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Am J Pathol. 1994 Aug;145(2):461-9.

Monoclonal antibody blockade of L-selectin inhibits mononuclear leukocyte recruitment to inflammatory sites in vivo.

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Department of Pathology, Brigham and Women's Hospital, Boston, MA 02115.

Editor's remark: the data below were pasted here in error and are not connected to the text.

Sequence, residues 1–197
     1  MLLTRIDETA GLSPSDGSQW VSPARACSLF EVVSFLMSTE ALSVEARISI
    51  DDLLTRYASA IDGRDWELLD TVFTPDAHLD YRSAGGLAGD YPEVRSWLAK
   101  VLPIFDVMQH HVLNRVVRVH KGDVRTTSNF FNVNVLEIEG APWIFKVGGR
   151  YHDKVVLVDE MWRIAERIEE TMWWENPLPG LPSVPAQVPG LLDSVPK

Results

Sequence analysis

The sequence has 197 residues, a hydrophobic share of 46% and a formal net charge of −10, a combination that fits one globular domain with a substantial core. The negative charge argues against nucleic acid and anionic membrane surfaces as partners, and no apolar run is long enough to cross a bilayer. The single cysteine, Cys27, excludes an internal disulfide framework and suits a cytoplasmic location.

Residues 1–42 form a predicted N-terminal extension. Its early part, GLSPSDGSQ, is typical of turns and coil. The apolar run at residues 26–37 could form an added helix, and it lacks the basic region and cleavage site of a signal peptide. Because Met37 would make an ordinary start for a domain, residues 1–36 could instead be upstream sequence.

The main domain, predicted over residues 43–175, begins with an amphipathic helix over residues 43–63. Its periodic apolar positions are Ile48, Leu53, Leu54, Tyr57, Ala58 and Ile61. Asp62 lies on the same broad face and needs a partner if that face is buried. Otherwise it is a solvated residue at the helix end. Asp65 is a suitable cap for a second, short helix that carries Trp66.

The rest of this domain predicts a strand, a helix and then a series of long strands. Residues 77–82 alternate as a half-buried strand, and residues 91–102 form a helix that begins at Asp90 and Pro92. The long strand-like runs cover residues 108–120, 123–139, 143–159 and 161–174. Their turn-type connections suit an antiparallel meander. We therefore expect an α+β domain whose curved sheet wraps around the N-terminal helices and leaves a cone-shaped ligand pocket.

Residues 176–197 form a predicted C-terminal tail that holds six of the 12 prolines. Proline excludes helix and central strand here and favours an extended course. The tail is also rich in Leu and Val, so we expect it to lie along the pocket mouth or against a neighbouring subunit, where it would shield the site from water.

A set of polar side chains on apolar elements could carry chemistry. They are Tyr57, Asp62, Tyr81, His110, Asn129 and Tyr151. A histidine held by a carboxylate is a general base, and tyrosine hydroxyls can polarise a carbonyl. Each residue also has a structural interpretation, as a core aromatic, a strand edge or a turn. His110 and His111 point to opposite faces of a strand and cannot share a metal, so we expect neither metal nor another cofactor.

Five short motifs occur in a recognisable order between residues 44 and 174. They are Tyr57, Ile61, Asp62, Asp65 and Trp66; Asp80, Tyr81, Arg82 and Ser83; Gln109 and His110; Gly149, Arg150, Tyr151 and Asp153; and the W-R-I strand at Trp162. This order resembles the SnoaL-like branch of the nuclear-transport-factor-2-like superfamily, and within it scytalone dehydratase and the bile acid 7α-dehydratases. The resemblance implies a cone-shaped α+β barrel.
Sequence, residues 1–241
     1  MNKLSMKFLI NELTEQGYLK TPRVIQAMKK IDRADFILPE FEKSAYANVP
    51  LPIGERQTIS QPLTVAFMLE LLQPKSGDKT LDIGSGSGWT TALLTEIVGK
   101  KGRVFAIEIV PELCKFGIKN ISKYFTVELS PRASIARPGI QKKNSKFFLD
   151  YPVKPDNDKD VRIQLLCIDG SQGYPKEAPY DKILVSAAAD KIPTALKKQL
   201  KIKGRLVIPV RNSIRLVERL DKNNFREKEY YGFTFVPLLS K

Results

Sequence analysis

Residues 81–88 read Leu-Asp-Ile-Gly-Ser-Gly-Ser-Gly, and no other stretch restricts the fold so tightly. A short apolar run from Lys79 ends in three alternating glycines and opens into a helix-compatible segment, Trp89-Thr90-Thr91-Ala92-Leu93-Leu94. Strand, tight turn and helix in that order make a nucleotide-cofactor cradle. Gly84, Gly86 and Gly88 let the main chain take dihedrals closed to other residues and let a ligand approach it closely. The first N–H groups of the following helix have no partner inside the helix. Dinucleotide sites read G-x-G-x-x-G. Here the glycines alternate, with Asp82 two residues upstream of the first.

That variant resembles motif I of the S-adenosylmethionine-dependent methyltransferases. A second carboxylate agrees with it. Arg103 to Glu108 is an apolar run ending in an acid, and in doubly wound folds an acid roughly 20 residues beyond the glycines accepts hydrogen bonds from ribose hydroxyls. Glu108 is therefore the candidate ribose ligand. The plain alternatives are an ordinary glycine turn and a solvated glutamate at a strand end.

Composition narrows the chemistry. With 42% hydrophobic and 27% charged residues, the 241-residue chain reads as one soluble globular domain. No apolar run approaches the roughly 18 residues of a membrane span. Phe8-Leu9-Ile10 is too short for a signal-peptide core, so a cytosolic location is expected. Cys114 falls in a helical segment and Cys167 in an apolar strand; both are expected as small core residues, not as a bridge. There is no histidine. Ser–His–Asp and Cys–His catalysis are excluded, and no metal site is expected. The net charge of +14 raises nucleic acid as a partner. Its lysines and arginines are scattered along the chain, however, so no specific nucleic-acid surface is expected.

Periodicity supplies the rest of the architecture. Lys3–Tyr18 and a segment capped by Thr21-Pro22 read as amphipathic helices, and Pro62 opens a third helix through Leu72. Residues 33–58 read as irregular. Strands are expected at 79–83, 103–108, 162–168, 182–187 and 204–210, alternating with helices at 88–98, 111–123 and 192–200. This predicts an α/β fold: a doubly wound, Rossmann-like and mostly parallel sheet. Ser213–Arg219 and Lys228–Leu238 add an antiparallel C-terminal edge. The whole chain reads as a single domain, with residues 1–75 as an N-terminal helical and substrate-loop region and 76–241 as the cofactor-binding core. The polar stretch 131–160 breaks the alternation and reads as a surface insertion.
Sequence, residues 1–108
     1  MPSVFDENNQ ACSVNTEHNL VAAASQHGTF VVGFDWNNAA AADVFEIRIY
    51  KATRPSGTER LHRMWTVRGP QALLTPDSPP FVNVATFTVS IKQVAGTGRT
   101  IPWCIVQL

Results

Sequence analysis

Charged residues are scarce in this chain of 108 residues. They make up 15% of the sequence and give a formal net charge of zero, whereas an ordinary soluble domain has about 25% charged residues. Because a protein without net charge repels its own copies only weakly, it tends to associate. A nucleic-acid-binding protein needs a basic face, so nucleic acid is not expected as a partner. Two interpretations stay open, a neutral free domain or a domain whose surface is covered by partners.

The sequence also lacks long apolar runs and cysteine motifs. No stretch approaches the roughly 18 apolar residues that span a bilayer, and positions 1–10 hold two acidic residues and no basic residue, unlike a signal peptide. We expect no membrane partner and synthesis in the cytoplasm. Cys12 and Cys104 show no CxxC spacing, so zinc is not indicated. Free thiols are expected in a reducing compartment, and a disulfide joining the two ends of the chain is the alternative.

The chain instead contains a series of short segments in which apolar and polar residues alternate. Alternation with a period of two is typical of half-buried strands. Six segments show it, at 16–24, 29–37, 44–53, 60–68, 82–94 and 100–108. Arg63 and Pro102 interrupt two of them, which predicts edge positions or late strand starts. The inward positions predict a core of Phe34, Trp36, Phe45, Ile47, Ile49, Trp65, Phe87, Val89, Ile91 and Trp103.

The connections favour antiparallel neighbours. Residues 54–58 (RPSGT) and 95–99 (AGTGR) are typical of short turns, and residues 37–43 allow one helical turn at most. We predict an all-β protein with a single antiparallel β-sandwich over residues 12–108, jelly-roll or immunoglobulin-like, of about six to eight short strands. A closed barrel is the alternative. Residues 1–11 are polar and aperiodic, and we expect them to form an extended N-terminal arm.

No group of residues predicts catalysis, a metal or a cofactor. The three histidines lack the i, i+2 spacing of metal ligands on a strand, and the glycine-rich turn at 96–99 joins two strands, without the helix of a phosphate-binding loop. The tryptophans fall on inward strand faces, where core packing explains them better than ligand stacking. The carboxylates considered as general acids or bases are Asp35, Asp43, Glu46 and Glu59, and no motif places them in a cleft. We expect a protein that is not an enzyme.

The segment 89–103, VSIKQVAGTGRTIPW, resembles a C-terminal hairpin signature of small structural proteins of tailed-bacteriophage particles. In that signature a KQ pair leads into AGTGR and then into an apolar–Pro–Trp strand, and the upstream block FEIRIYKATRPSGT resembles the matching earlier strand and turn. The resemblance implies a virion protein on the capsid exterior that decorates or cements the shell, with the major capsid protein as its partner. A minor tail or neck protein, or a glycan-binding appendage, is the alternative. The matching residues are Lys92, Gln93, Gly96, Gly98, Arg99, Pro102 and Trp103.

L-selectin interacting with inducible endothelial counterreceptors mediates in part the initial adhesive interactions, termed rolling, between circulating blood leukocytes and vascular endothelium. While blockade of L-selectin function in in vivo models of inflammation reduces both neutrophil and lymphocyte influx at early times, little is known concerning the role of L-selectin in leukocyte recruitment at later times (> 24 hours). Using an in vivo murine model of experimentally induced inflammation of the peritoneum, the role of L-selectin in recruitment of mononuclear leukocytes to chronic sites of inflammation (48 hours) was investigated. Saturating levels of function blocking anti-L-selectin monoclonal antibody (MEL-14) or control rat IgG were maintained for 48 hours using surgically implanted mini-osmotic pumps; this treatment did not alter the circulating leukocyte cell count or differential. In animals receiving MEL-14 monoclonal antibody (MAb), macrophage and lymphocyte accumulation in response to thioglycollate was reduced by 60% (P < or = 0.0002) and > 90% (P < 0.001), respectively, at 48 hours as compared with animals implanted with pumps containing saline. Similarly, MEL-14 MAb dramatically inhibited granulocyte influx by 80% (P < 0.03) at 6 hours; recruitment at 24 and 48 hours was reduced by 50%. In contrast, the effects of purified rat IgG was not significantly different from saline. Our results suggest L-selectin, interacting with its inducible endothelial counterreceptor(s), plays an important role in circulating mononuclear leukocyte extravasation at sites of inflammation.

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